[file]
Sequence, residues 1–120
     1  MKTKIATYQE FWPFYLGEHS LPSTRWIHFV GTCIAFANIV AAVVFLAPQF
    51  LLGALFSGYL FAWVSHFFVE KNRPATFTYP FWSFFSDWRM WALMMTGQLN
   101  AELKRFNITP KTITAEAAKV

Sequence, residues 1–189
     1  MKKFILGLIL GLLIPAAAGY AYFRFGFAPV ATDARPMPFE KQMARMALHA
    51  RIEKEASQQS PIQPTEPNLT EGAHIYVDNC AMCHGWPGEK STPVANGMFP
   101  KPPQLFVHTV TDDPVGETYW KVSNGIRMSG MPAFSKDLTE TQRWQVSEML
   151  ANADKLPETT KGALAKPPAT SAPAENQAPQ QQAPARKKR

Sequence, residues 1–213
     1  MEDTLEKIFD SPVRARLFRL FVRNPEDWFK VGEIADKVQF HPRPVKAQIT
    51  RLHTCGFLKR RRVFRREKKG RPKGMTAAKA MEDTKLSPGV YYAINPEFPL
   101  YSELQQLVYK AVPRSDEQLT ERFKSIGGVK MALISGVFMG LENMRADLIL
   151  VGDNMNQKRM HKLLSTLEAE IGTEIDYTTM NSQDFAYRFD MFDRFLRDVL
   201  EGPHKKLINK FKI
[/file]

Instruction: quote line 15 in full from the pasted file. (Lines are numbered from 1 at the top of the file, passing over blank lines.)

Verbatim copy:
   201  EGPHKKLINK FKI